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New Year in Japan and the temple bells

BobM

Veteran Member
Year of past OR future Camino
V Frances; V Podensis; V Francigena; V Portugues; V Francigena del Sud; Jakobsweg. Jaffa - Jerusalem
I probably won't get to walk the Kumano Kodo this year, so I am reading a few books set in Japan instead. I have just started 'Beauty and Sadness' by the Nobel Laureate writer Yasunari Kawabata.

When the book was written in 1975 (according to the book), the sound of temple bells from all over Japan was played over the radio on New Year's Eve, always ending with the Kyoto bells. The commentators for the program would know all the bells by their sound and apparently became quite emotional when some particular bell sounded that resonated (sorry, could not help myself) for them.

What a beautiful custom! I wonder if it is still followed?

Best wishes for 2021

Bob M
 
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kazrobbo

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I probably won't get to walk the Kumano Kodo this year, so I am reading a few books set in Japan instead. I have just started 'Beauty and Sadness' by the Nobel Laureate writer Yasunari Kawabata.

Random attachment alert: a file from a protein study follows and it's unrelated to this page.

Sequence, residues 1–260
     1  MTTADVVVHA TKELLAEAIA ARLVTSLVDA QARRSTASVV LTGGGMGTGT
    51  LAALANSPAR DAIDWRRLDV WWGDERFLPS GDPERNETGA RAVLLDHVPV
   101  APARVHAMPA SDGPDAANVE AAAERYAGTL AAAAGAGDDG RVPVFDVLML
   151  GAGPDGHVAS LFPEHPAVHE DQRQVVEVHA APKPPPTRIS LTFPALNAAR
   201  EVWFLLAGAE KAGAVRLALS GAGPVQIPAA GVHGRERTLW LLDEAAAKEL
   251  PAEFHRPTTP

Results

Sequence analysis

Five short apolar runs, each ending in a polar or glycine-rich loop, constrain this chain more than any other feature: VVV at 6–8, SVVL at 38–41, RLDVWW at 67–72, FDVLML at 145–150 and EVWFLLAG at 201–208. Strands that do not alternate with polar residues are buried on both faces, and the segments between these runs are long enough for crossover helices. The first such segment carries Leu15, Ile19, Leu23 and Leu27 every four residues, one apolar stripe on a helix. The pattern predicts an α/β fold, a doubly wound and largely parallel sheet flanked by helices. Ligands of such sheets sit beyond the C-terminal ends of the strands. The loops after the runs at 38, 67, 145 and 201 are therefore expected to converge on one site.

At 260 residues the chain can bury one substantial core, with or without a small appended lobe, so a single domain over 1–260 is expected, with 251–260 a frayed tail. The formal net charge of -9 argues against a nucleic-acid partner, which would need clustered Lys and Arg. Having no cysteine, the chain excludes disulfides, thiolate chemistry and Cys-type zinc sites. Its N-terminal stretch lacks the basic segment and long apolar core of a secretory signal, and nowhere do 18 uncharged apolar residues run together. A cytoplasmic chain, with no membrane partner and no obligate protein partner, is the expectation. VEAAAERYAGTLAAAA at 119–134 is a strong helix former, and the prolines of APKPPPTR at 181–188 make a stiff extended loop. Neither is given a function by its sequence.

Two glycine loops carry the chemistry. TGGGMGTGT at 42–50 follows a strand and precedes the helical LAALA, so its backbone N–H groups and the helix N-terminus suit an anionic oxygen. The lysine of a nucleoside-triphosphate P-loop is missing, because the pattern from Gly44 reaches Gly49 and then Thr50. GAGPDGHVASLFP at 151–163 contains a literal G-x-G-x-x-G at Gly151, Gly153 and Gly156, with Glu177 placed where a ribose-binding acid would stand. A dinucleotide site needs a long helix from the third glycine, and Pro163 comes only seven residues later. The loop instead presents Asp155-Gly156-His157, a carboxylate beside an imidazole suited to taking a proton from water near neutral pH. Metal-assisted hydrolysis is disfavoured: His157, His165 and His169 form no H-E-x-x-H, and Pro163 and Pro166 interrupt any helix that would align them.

When the book was written in 1975 (according to the book), the sound of temple bells from all over Japan was played over the radio on New Year's Eve, always ending with the Kyoto bells. The commentators for the program would know all the bells by their sound and apparently became quite emotional when some particular bell sounded that resonated (sorry, could not help myself) for them.

What a beautiful custom! I wonder if it is still followed?

Best wishes for 2021

Bob M
Don't give up on walking in Japan, Bob. In a previous thread of yours, you intimated you may not ever fulfil that yearning so I'm glad you're now saying 'this year'....
Keep finding those avenues which support the goal...& would add an extra layer of interest once you do finally touch down in the Land of the Rising Sun.
I'm currently reading 'Japan on Foot' by Mary King...it's not in danger of troubling the 'My Top Reads' rankings but filling the brief of rekindling the drive until we can get out there again.
👣 🌏
 

Raggy

Veteran Member
Year of past OR future Camino
2017, 2018, 2019
The 2020-2021 NHK TV broadcast

The clip opens at the end of the gaudy "red & white" variety show, which is a staple of NHK's New Year programming. The more solemn broadcasts from temples around the country follow. The second temple in this clip is one of the 88 temples that comprise the Shikoku pilgrimage. The announcer mentions that pilgrim numbers were down by 80% in 2020 because of the pandemic.

For a spectacle reminiscent of the botafumeiro in Santiago, you need to go to Chion-in in Kyoto. The monks there take bell striking to a new level:
 

BobM

Veteran Member
Year of past OR future Camino
V Frances; V Podensis; V Francigena; V Portugues; V Francigena del Sud; Jakobsweg. Jaffa - Jerusalem